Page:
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Well, LAPES (Low Altitude Parachute Extraction) is a whole different ball game in the "risk mode". I hated that qual with a passion and was super glad when they did away with it. I was describing Heavy Equipment Platform Airdrops.

The technical term for drag associated with speed and frontal area is Parasite Drag. Drag associated with the manufacture of LIFT is called aerodynamic drag. The two together are summed to create total drag.

An aircraft flies by using power plus lift to exceed weight plus total drag.

Use enough power and you don't need lift. F-22 prime example. It can "hover" on its exhaust plume.

In any case slower is better when you are working in 2 dimensions. Since you don't need to generate lift, parasite drag and rolling friction are the only thing you have to defeat with power to move on down the highway. If it were not for drag and friction, you could give your truck and camper a good shove and throw out an anchor when you got to the camp ground.
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Old 02-14-2011, 03:00 PM   #18
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Quote:
Originally Posted by herk7769 View Post


In any case slower is better when you are working in 2 dimensions. Since you don't need to generate lift, parasite drag and rolling friction are the only thing you have to defeat with power to move on down the highway. If it were not for drag and friction, you could give your truck and camper a good shove and throw out an anchor when you got to the camp ground.
This is almost exactly how the dealer I bought from explained it. He said that if I put a 10,000 lb. load with wheels behind my vehicle I would be able to drive away (in the simplest terms...), put an 8' diameter parachute behind my vehicle and look out! This is why the shape of the trailer along with the weight is something one must consider. The type of suspension and floor plan can also play a role in how easy a trailer pulls. Think airstream, love them or hate them they do work. We are starting to see some company's taking aerodynamics into consideration, and not just at the front of the trailer ( rear end, integrated awnings that look like roof rails etc. ).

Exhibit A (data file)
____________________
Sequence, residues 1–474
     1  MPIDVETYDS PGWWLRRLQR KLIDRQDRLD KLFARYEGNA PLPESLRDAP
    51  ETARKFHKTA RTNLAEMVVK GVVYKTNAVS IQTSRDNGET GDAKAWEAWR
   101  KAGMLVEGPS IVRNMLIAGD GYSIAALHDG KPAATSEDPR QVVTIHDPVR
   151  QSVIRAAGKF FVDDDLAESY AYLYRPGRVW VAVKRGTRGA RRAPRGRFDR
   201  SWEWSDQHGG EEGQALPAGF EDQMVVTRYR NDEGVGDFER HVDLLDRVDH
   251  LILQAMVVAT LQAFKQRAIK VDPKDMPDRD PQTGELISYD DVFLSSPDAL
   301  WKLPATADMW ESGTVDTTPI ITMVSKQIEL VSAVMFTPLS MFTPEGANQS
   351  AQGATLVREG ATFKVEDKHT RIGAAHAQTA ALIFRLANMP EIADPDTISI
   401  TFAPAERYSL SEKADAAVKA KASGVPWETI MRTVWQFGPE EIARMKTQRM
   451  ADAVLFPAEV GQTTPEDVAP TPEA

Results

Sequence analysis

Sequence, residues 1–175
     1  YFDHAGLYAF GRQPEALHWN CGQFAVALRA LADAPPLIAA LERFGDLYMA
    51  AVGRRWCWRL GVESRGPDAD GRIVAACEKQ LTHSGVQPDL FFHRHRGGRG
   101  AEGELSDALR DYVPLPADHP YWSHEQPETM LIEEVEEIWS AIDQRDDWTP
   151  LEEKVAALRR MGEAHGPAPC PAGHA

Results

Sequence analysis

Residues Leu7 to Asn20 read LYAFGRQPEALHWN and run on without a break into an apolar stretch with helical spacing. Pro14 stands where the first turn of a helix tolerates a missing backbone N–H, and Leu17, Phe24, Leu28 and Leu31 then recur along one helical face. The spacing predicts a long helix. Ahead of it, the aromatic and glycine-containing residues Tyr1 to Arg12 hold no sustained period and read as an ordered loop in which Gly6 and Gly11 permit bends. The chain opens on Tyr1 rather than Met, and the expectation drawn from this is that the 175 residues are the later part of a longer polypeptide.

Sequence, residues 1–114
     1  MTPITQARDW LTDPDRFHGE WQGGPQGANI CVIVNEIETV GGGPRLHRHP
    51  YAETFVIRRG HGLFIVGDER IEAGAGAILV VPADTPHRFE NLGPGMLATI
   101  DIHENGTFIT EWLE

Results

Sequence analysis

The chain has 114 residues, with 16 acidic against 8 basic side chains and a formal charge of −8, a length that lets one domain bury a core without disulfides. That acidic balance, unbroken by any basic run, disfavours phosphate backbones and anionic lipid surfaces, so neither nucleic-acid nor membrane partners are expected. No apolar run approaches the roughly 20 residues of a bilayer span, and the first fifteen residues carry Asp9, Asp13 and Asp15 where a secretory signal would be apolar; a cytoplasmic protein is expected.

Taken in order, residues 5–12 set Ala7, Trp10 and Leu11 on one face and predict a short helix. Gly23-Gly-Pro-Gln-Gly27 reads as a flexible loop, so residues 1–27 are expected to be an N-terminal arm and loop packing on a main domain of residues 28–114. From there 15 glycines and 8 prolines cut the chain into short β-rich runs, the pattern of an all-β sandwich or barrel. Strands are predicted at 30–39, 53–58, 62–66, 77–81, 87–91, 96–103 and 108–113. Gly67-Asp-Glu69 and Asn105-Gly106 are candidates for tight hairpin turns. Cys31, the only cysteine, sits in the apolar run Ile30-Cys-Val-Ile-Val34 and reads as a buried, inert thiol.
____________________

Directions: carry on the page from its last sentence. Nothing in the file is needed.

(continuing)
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Old 02-14-2011, 03:08 PM   #19
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Quote:
Originally Posted by herk7769 View Post


Well, LAPES (Low Altitude Parachute Extraction) is a whole different ball game in the "risk mode". I hated that qual with a passion and was super glad when they did away with it. I was describing Heavy Equipment Platform Airdrops.

The technical term for drag associated with speed and frontal area is Parasite Drag. Drag associated with the manufacture of LIFT is called aerodynamic drag. The two together are summed to create total drag.

An aircraft flies by using power plus lift to exceed weight plus total drag.

Use enough power and you don't need lift. F-22 prime example. It can "hover" on its exhaust plume.

In any case slower is better when you are working in 2 dimensions. Since you don't need to generate lift, parasite drag and rolling friction are the only thing you have to defeat with power to move on down the highway. If it were not for drag and friction, you could give your truck and camper a good shove and throw out an anchor when you got to the camp ground.

I might be sandbaggin' ya a little bit. I have a bit more knowledge of aerodynamics and air ops than most:



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Old 02-14-2011, 03:30 PM   #20
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Nice! Then you know that NONE of that aerodynamic discussion applies to you. Helicopters do not fly using principles of aerodynamics. They just BEAT the air into submission.